TEHRAN - Iran claimed on Tuesday to have come up with an anti-virus programme against "Flame," extraordinarily sophisticated malware that hit its servers and deployed various spying modules, apparently at the behest of a foreign power.

"Tools to recognise and clean this malware have been developed and, as of today, they will be available for those (Iranian) organisations and companies who want it," Maher, a computer emergency response team coordination centre in Iran's telecommunications ministry, said on its website.

Flame, a crafty volume of code that can steal files, take screenshots, activate computer microphones to record conversations, log keystrokes and carry out other activities controlled remotely, was identified this week by leading anti-virus firms around the world. Maher said Flame was undetectable by 43 different anti-virus programmes it tested, forcing it to come up with its own defence after "months of research." It did not give details of how its Flame-killer worked. Iran appeared to be the main target of the worm-like malware, though it was also detected in other regions, including Israel and the Palestinian Territories, Sudan and Syria.

The virus hit Iran's oil ministry servers in April, forcing authorities to shut them down.

"Experts from Maher... have said that the theft of large volumes of data in recent weeks was caused by Flame," the Fars news agency reported.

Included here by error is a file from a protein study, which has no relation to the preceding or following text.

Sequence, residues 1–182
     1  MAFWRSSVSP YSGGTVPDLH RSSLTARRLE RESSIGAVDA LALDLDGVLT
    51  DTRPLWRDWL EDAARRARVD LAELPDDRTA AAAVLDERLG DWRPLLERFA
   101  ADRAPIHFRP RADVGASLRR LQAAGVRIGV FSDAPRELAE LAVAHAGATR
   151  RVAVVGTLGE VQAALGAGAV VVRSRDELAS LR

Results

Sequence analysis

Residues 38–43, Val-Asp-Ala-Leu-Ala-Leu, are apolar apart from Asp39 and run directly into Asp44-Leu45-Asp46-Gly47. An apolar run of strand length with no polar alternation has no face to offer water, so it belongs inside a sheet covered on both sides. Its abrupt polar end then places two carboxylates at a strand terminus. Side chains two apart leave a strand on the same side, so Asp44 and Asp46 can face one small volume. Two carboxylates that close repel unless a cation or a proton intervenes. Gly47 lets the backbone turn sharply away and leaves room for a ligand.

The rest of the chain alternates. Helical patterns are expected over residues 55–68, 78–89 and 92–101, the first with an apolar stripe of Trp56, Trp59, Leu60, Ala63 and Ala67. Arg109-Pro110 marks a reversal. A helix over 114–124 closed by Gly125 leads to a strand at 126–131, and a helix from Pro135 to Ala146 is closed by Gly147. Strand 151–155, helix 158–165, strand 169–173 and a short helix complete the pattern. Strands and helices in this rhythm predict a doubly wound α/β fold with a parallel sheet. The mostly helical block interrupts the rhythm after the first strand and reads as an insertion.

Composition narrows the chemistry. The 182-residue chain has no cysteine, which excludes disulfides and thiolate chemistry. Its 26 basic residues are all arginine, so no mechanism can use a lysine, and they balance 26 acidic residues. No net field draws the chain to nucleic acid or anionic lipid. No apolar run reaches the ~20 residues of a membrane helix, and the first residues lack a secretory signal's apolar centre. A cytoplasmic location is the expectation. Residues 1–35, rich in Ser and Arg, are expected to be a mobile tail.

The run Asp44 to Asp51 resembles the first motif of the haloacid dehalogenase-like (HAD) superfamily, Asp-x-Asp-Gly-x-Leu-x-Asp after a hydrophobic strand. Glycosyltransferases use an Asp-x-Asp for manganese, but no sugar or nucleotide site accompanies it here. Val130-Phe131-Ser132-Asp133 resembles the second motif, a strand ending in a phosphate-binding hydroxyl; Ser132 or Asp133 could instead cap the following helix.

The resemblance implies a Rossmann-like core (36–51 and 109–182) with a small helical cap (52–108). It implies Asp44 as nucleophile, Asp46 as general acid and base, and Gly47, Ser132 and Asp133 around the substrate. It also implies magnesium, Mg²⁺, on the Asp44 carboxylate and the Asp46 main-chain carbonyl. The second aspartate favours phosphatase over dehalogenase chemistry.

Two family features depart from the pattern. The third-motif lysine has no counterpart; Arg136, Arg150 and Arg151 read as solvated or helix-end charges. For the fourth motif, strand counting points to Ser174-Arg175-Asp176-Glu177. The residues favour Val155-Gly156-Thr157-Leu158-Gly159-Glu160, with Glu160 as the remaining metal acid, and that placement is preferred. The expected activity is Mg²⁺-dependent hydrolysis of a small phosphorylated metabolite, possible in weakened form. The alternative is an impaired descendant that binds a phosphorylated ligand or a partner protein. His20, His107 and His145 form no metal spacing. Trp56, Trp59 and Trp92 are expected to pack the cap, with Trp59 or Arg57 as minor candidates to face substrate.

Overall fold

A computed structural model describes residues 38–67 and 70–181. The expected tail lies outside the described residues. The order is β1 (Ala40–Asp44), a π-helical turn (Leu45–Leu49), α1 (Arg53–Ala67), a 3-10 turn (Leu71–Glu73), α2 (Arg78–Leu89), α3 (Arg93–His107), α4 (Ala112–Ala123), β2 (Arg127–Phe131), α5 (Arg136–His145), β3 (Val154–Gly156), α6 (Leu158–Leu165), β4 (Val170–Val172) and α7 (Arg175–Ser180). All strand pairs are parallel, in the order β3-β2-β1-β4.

Anti-virus experts said Flame was many times more sophisticated than Stuxnet, a virus that in 2010 infected computers running Iran's sensitive uranium enrichment, knocking out hundreds of centrifuges, or a cousin to Stuxnet, Duqu, which struck in 2011.

The staggering complexity of all three of these viruses suggested a nation-state was responsible, with suspicion falling on the United States or Israel.

Flame is "actively being used as a cyber weapon attacking entities in several countries," a top Russian anti-virus software firm, Kaspersky Lab, said in a statement late on Monday, describing its purpose as "cyberespionage."

"The complexity and functionality of the newly discovered malicious programme exceed those of all other cyber menaces known to date," it added.

Iran's foreign ministry spokesman, Ramin Mehmanparast, hinted that Israel could be behind the attack.

"It's in the nature of some countries or illegitimate regimes to produce viruses and hurt other countries. We hope that these viruses are knocked out and no one gets hurt," he told reporters in his weekly briefing.

Meanwhile, a top Israeli minister said on Tuesday the use of cyberweapons, such as the newly uncovered Flame virus, to counter Iran's nuclear plans would be "reasonable," hinting at Israel's possible involvement.

"For anyone who sees the Iranian threat as significant, it is reasonable that he would take different steps, including these, in order to hobble it," Vice Prime Minister Moshe Yaalon told army radio, just hours after the virus was discovered by Russia's Kaspersky Lab.

"Israel is blessed with being a country which is technologically rich, and these tools open up all sorts of possibilities for us," said Yaalon, who is also Israel's strategic affairs minister.

Kaspersky Lab, one of the world's biggest producers of anti-virus software, said its experts discovered the virus - known as Flame - during an investigation prompted by the International Telecommunication Union (ITU).